Sunday, October 30, 2005

Reading financial statements

Knowledge is power. This is particularly true when it comes to investing. Knowing a company's business performance and its industry well enough enables us to buy or sell its stocks confidently and correctly. Knowledge and information improves quality of our investing decisions.

We can gain such knowledge and information of a company predominantly from their financial statements. When we look for a company with strong management, solid financial positions, earning growth, etc. look no further but the company's report card: its financial statements. Searching for a proper valuation of the stock? Let's begin with the financial statements. Analysts from the entire stock investing/ trading profession analyze and comment on the financial statements of listed companies every quarter. Great investors like Benjamin Graham, Warren Buffett, Philip A. Fisher, etc. read financial statements before further facts finding. In fact, all investing fundamentalists read financial statements.

It is suicidal to practice investing characteristics like "being patient", "being quick to response", etc. without the backing of knowledge and information. It is knowledge and information that provide great investors their unweaved beliefs in their decisions, whether it is being patient or being quick to cut loss.

With knowledge and information, we are able to be patient and to hold on to jewels like Wells Fargo, Walmart, Public Bank, OYL, etc. that can (and had) brought fortune to the stockholders. Without knowledge and information, we psyche ourselves up to "be patient" on Enron, Bestcorp, Omega, etc. and to see our life savings evaporated when these companies failed. Both are being patient, the difference lies in what we know about our investments. It comes from reading the financial statements.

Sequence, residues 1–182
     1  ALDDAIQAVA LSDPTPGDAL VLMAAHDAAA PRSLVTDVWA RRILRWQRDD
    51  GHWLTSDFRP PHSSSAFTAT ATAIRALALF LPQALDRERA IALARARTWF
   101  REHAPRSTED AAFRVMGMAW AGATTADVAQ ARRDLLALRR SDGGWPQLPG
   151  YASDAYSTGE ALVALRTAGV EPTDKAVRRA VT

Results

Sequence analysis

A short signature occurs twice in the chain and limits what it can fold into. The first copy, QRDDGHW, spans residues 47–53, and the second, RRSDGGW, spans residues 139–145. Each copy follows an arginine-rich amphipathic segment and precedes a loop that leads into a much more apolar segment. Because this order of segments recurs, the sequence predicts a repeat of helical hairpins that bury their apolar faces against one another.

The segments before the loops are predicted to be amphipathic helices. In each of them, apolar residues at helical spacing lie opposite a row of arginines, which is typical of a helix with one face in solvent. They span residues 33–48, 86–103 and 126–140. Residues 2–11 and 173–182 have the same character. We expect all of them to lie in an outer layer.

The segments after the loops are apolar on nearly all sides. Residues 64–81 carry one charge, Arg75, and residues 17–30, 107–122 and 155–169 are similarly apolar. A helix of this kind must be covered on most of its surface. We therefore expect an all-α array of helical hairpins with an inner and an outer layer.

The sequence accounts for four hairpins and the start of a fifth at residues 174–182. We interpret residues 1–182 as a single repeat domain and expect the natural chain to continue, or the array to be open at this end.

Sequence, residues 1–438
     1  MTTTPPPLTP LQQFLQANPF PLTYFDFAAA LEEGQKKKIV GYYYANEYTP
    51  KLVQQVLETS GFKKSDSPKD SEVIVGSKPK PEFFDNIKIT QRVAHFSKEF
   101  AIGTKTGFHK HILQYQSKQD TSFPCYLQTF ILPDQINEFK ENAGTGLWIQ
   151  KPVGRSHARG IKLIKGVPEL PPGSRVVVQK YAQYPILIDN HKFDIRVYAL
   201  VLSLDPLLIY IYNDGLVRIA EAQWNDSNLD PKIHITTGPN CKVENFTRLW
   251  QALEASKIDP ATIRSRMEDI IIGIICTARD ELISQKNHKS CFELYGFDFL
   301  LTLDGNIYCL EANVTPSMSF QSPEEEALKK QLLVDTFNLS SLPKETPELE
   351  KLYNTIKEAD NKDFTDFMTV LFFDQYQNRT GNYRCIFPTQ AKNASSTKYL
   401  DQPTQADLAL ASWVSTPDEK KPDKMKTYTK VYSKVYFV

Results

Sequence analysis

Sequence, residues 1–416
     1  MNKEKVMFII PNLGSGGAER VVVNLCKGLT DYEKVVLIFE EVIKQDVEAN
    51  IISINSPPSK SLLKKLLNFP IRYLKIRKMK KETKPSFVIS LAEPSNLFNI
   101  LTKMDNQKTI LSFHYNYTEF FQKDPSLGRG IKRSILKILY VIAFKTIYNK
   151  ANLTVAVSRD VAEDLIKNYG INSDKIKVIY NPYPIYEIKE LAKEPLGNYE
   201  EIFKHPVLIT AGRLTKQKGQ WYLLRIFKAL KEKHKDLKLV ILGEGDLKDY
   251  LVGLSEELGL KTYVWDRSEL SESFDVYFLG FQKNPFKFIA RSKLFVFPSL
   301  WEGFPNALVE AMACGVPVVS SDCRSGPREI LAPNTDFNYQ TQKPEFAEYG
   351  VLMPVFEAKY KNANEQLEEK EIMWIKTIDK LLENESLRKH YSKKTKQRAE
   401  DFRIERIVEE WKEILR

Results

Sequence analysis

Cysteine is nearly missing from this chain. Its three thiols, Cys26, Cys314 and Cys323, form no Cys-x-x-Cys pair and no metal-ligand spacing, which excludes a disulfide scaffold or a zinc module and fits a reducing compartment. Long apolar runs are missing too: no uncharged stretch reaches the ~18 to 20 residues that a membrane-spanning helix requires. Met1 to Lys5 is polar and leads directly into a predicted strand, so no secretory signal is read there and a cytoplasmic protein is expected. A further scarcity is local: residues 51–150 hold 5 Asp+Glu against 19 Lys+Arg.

(So don't advice other to BE PATIENT or BE DECISIVE in holding on or disposing their investments. Such advice can only come after knowing the true financial performance and status of a stock. BE PATIENT and BE DECISIVE are dirty investing words without the backing of knowledge and information of a particular company.)

But why, in general, layman investors don't read financial statements? One of the main reasons I suspect is that layman investors basically throw in the towel in believing that performance of stock prices has got anything to do with the company’s financial numbers. Reading financial statements is, sometime, a futile effort in knowing the company performance. Profit numbers are unreliable. They are right. Looking back at 1997 Asia financial crisis and 2000 Dot Com Bubble, failed companies unabashedly manipulate their numbers before their demises. Stock prices crashed before showing any sign of losses, or before the reported profits were rediscovered as losses. The unscrupulous managements cheated in their report cards. It is reasonable for investors to believe that it is useless and meaningless to read financial statements. However, this is not true. There are ways to detect profit manipulation. We, as investors, can definitely detect profit manipulations.

We rely on the numbers provided by the management to make our investing decisions. These numbers have to be authentic and we must have confident in relying on them. To confidently relying on numbers in making investing decisions, we must be able to detect profit manipulation. Before we learn how to detect profit manipulation, we first must learn how the accountants manipulate the profit numbers.

In Part 2, you will find how accountants cook their books. In Part 3, we will learn how to detect such manipulation.

Part 1: Reading financial statements
Part 2: The principle of profit manipulation
Part 3: Detecting profit manipulation - Overview
Part 4: Exceptions and limitations